This NYT article on the economic implications of breastfeeding is worth a look.
When a new mother returns to Starbucksâ€™ corporate headquarters in Seattle after maternity leave, she learns what is behind the doors mysteriously marked â€œLactation Room.â€
Whenever she likes, she can slip away from her desk and behind those doors, sit in a plush recliner and behind curtains, and leaf through InStyle magazine as she holds a company-supplied pump to her chest, depositing her breast milk in bottles to be toted home later.
But if the mothers who staff the chainâ€™s counters want to do the same, they must barricade themselves in small restrooms intended for customers, counting the minutes left in their breaks.
â€œBreast milk is supposed to be the best milk, I read it constantly when I was pregnant,â€ said Brittany Moore, who works at a Starbucks in Manhattan and feeds her 9-month old daughter formula. â€œI felt bad, I want the best for my child,â€ she said. â€œNone of the moms here that I know actually breast-feed.â€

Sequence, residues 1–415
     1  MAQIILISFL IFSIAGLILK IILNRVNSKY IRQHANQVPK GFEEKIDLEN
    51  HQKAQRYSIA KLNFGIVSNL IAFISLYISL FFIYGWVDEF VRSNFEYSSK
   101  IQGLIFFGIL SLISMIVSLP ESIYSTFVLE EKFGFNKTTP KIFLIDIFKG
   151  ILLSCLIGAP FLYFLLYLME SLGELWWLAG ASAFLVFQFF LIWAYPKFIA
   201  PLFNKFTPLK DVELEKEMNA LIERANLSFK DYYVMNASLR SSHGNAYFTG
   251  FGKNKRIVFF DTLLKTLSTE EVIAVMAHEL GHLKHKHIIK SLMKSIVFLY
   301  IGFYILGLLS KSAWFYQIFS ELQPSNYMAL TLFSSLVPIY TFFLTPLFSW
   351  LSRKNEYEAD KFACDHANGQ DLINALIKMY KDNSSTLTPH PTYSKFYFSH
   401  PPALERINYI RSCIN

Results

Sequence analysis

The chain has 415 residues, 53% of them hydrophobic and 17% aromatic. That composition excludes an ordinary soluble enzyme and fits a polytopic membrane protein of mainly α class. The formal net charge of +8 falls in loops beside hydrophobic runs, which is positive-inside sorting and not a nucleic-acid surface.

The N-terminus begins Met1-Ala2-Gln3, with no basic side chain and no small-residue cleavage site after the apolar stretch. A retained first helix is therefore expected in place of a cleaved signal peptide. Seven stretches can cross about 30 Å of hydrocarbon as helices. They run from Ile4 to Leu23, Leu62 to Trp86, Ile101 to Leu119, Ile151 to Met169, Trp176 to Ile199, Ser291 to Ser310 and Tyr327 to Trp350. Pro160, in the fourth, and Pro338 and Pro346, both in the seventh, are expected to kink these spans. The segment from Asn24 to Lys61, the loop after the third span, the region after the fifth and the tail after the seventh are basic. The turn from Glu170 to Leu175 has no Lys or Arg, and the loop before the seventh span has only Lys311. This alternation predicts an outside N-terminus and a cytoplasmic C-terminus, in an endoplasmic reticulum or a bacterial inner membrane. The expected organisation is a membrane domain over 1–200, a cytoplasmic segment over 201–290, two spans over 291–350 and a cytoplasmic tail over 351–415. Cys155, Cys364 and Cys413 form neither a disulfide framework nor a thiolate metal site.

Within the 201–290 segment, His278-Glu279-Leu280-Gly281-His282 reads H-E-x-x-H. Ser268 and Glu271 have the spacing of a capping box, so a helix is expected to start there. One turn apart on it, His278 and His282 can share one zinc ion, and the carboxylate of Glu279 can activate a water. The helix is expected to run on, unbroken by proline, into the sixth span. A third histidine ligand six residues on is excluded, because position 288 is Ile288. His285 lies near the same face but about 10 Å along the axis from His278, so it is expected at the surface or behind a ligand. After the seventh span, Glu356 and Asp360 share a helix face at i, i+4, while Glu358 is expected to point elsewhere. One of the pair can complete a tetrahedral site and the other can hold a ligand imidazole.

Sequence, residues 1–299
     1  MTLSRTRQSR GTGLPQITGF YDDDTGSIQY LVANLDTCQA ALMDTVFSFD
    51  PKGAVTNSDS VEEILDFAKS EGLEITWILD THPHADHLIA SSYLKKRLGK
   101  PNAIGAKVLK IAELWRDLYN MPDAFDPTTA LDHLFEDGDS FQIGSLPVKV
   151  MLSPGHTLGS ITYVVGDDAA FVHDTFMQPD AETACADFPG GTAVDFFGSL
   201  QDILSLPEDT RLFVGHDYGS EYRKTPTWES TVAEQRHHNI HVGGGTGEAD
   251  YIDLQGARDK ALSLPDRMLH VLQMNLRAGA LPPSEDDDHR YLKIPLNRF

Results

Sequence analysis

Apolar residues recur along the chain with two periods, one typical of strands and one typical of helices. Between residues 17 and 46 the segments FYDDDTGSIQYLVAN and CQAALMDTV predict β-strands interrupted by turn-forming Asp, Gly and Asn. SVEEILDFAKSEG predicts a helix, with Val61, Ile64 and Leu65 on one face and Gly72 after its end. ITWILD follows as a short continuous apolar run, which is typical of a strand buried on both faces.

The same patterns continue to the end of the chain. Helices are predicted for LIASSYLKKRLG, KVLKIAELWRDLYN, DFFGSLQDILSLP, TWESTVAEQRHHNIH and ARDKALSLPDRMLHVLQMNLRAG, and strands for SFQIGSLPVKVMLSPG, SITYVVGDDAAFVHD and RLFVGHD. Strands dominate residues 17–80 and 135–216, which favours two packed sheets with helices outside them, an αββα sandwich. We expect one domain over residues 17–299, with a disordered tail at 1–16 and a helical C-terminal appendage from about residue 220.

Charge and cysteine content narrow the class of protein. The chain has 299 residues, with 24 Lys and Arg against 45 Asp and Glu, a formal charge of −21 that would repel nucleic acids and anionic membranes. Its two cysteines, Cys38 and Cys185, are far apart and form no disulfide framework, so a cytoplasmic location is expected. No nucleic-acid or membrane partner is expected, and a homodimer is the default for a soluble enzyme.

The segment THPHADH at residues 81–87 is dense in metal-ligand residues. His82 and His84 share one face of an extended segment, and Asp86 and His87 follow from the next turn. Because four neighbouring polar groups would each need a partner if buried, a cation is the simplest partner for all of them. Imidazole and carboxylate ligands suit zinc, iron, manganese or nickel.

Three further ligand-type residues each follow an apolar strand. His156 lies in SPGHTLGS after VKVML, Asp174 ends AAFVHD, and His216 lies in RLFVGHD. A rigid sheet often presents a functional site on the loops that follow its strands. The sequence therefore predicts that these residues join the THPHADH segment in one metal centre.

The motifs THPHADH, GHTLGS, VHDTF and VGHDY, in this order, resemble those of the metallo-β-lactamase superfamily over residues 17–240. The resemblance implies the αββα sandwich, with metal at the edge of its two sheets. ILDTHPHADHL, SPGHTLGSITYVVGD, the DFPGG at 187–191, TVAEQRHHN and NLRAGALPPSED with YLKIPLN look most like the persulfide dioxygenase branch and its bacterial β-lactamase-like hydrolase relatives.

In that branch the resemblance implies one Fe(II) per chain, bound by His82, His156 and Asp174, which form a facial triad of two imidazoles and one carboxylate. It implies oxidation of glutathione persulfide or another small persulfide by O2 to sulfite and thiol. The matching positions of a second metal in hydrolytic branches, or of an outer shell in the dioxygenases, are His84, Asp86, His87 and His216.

Doctors firmly believe that breast milk is something of a magic elixir for babies, sharply reducing the rate of infection, and quite possibly reducing the risk of allergies, obesity, and chronic disease later in life.
But as pressure to breast-feed increases, a two-class system is emerging for working mothers. For those with autonomy in their jobs â€” generally, well-paid professionals â€” breast-feeding, and the pumping it requires, is a matter of choice. It is usually an inconvenience, and it may be an embarrassing comedy of manners, involving leaky bottles tucked into briefcases and brown paper bags in the office refrigerator. But for lower-income mothers â€” including many who work in restaurants, factories, call centers and the military â€” pumping at work is close to impossible, causing many women to decline to breast-feed at all, and others to quit after a short time.